Freewheel Hub

Similar to other factories worldwide, Estonian bicycle manufacturers started to use freewheel hubs in the early 20th century. One of the earliest freewheel hubs commonly used at that time was New Departure made in USA, soon replaced by the produce of German manufacturers.

Bicycles used in Estonia during 1910-30s had mostly Torpedo-type hubs where freewheel system consisted of five rollers and freewheel hub also contained drum brake, operated by turning the pedals backwards. Fichtel and Sachs (F&S) patented this system in Germany in 1903 and a few years later, after making minor modifications, its production continued for decades.

Majority of Torpedo-system freewheel hubs used in local bicycles before World War II were original F&S items with Torpedo logo. Torpedo freewheel hubs and inner details were equipped with year number, which enables to determine when the element was manufactured (provided that freewheel did not stay in storage for too long).

Torpedo was one of the most successful freewheel hubs, and therefore many producers started to copy it. Majority of English bikes sold in Estonia had Perry freewheel – Torpedo copy made in Birmingham. Late 1930s added another copy of Torpedo freewheel, Gamma,  and other copies. made by  several local small manufacturers. Latvians also made various copies of Torpedo freewheels – such manufacturers included Latvello (LVF), Erenpreis (GEO – Gustav Erenpreis Original), and KDF in Liepaja (Kara Ostas Darbnīca).

By the way, freewheels used in majority of typical (gearless) Soviet bicycles in the 1940s-80s were also copies of Torpedo (quality of which, however, was much inferior to that of pre-war original Torpedo).

Dürkopp freewheel was very similar to Torpedo freewheel, but instead of drum-based brake, the brake consisted of several discs. Similar to Torpedo, freewheel itself operated with rolls. Several Dürkopp bikes made for Estonian market were equipped with Torpedo freewheel.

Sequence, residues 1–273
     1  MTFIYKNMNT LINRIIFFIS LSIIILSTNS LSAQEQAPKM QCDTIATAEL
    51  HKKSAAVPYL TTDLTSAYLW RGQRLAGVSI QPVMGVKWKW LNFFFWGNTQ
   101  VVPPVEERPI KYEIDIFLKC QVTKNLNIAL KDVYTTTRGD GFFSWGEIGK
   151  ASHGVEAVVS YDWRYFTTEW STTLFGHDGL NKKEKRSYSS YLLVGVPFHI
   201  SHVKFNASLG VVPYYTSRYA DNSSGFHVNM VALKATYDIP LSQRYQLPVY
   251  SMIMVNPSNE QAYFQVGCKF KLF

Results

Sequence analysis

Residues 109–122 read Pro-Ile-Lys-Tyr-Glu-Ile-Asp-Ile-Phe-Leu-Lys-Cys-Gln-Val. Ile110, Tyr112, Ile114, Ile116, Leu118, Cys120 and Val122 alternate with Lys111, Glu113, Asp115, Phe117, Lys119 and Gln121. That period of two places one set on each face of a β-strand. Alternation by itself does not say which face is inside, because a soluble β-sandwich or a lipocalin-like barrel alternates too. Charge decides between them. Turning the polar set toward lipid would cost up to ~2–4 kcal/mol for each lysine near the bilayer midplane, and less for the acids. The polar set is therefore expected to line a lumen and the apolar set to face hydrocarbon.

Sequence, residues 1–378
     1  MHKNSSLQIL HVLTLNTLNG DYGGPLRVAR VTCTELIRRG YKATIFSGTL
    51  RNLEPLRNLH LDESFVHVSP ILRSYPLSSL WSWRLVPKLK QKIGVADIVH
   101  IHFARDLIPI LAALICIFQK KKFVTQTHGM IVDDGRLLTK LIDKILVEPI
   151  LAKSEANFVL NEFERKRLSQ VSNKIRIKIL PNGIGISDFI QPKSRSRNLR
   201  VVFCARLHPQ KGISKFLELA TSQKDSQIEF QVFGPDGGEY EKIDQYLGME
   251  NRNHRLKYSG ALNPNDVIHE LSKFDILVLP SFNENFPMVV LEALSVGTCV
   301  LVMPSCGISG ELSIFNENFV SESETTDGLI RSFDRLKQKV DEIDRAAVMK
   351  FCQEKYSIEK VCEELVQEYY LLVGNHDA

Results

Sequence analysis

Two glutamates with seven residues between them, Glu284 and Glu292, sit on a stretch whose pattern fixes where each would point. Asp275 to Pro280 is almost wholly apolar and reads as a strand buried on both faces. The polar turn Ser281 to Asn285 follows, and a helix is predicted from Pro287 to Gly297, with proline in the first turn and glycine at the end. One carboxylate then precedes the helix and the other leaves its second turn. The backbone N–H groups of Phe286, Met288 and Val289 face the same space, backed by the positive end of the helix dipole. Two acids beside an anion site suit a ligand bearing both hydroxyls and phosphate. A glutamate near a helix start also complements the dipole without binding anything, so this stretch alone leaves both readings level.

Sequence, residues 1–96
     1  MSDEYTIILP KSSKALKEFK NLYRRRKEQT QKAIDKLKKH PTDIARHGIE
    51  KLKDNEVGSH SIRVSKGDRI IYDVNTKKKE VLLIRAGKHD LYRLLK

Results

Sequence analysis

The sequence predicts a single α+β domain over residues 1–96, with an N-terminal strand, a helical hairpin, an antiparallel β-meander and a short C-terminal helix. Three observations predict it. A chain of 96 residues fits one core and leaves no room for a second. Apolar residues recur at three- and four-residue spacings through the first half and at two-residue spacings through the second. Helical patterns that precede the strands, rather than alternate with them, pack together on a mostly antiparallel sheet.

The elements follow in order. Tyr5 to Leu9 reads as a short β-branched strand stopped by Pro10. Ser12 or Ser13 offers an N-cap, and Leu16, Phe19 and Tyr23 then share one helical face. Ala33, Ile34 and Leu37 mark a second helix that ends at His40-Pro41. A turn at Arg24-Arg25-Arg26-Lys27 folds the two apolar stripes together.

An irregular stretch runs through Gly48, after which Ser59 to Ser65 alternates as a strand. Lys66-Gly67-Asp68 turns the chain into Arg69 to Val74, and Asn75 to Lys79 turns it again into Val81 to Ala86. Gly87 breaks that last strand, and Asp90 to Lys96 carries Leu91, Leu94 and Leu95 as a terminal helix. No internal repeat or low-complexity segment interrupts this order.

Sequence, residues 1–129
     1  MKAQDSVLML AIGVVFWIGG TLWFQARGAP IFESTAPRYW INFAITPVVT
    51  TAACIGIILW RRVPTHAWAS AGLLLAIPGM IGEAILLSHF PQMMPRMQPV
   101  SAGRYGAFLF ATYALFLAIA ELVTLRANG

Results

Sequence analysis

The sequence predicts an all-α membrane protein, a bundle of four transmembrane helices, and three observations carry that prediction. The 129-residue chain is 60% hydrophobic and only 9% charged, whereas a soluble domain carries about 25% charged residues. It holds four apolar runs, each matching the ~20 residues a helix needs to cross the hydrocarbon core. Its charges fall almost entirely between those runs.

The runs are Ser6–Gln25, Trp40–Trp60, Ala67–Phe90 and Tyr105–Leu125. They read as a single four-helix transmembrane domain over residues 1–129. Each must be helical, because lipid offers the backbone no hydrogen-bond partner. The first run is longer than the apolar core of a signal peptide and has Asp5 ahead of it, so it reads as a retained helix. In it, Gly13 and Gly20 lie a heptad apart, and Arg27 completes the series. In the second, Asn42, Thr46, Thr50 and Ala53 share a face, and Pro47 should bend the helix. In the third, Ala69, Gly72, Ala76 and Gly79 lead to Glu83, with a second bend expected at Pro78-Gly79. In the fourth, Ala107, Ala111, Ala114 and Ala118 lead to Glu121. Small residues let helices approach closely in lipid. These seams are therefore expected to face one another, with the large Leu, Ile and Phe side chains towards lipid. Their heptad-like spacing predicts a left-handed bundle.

Many freewheel systems operated by bolt and cone principle – when moving sprocket in relation to hub, a milled cone pressed against relevant internal cone inside the hub. In the 1910s-20s, such freewheels were mounted to Mundlos, Victoria, Badenia, Rotax, Astoria, etc. – all these models (made in Germany) were more or less common in bikes used in Estonia. Some of the more common freewheel models in the 1930s included NSU and Komet. For example, NSU freewheel was mounted to cheaper bikes of several Estonian manufacturers in the 1930s. Many German manufacturers used Komet (it had disc brakes, similar to Dürkop freewheel). Probably in the late 1930s (or even early 1940s), Estonia received a batch of Centrix-freewheels, which were used in several bikes made at that period in nationalised Saar bicycle  factory.

 The work of main English freewheel Eadie was also based on bolt and cone principle, and it was the most common (and virtually only) freewheel with coaster brake hub. Specific feature of Eadie was its brake drum with large diameter, equipped with brake shoes similar to car and motorcycle brakes. Unfortunately, this also turned out to be the weakness of Eadie. Due to drum brake, the distance between hub bearings was much shorter than that of Torpedo (and other abovementioned freewheels), which caused their quick wear. Therefore Estonian customers had no great interest in Eadie, and English manufacturers often equipped bike models exported to Estonia with Perry freewheels or even original Torpedo freewheels imported from Germany (with label referring to export item "Made in Germany").

In the late 1930s, many bicycles of Swedish origin (mostly Husqvarna) had Novo freewheel. Novo also operated by using bolt and cone, and drum brake, thus reminding Rotax, Astoria, and other freewheels described above.

Freewheels without rear brake were not particularly popular in Estonia in the 1920s-30s. Rear-wheel brake was operated by a lever on the handlebar, but that system often failed due to wet and muddy road conditions. Thus, although wheel brake was common in England, Estonian distributors asked the English manufacturers to make their bikes intended for Estonian market with hub brakes. However, they were occasionally present in certain bikes (especially those of English origin).

Integrated hubs with (planetary) gearing was another rarity in Estonia in the 1920s-30s. England imported a certain batch of Humbers with BSA three-speed internal gearing. There were also a few bikes with two-speed Torpedo rear hub – unlike BSAs they also contained coaster brake.

As a rule, the sports bikes in post-war Soviet times had chain transmission and USSR did not make internal gear hubs.